Getting Down to Business
Maureen Kieff, MBA’89 (Metro), senior lecturer of quantitative analysis, has taught courses in decision sciences at FDU since 2003. She is a past recipient of FDU’s Distinguished Faculty Award for Teaching. She is chair of the Student Development Committee, focused on professional development and scholarship. She has served as a mentor and as a reader of multiple honors theses.
Qiwei Li, BS’13 (Metro), works in risk control on corporate loans and client service advisory at United Overseas Bank, which is based in Singapore. He came to FDU from China as an international student and quickly immersed himself in American culture. He returned to China and has been employed for eight years at the bank’s office in Hangzhou, Zhejiang, a 45-minute train ride away from Shanghai.
Kieff and Li first met in the classroom — she remembers a reserved young man, who bonded quickly with friends and classmates, and delighted in traveling the United States on break. “What I found most intriguing about Qiwei is that he was a great photographer,” says Kieff. “I looked forward to seeing his trips through the lens of his camera.”
Li calls his first calculus class with Kieff the “most enjoyable” class of the semester. “Moreover,” he says, “Professor Kieff was always available and tried to do her best to help us grow.”
These days, the two reconnect through email and with in-person lunch meetings when Li travels to the U.S. “We talk about jobs, campus and life,” Li says. “She always gives me professional guidance and inspiration in every conversation, both of which I’ve benefitted from a lot.”
Qiwei Li: How did you figure out what you wanted to do with your life, in terms of your career?
Maureen Kieff: A faculty member pointed out my strengths and strongly encouraged me to change my major to mathematics and pursue a career path using, in his words, “my strong analytical skills.” I had no idea what I would do with that degree; however, I really enjoyed my coursework, and I graduated with a degree in mathematics. My mother was an educator, and as I neared completion of my bachelor’s degree, I seriously considered teaching high school.
Q.L.: How did you get to where you are today?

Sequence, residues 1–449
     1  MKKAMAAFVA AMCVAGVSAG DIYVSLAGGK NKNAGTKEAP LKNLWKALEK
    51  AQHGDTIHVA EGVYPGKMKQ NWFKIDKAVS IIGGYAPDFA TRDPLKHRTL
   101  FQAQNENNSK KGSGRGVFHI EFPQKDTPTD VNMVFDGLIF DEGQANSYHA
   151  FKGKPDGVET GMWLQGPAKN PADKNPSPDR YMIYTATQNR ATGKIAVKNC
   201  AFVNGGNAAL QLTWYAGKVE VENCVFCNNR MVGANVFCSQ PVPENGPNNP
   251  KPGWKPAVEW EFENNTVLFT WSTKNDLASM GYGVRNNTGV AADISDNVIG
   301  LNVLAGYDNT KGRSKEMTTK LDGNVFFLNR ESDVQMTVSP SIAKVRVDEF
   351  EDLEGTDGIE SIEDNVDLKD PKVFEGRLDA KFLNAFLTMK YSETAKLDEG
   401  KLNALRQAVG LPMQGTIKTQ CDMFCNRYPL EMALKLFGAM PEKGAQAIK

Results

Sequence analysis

M.K.: I wanted to go to graduate school, and I wanted to teach. However, this did not go as I initially planned, and I ended up working on my M.B.A. As part of my graduate assistantship, I had the opportunity to tutor students. I discovered that I had a talent and flair for teaching. With the aid of an outstanding mentor, Richard Panicucci, [BS’64, MBA’66 (Metro), the late professor emeritus of quantitative analysis and retired assistant provost for campus life (see In Memoriam, page 63)], who encouraged me to pursue a career in teaching, I obtained a position as an adjunct professor.
Q.L.: What is the most helpful piece of advice you have received?
M.K.: To recognize and appreciate my talents and gifts. As an undergraduate student, it was very difficult for me to view or perceive my future path.
Q.L.: How can I stay connected to key influencers who do not work in the same office or even geographical area as I do?
M.K.: I believe the best way to connect is through LinkedIn. However, emailing people can be an effective tool as well. If you email them make sure to research (do your homework!) the individual you wish to communicate with (one who best fits your current job profile and your aspirational career) and clearly articulate questions.
Q.L.: What does mentorship mean to you?
M.K.: To me, mentorship is another term for guidance. Guidance is a helpful tool for professional workplace direction and/or inspiration in your personal life.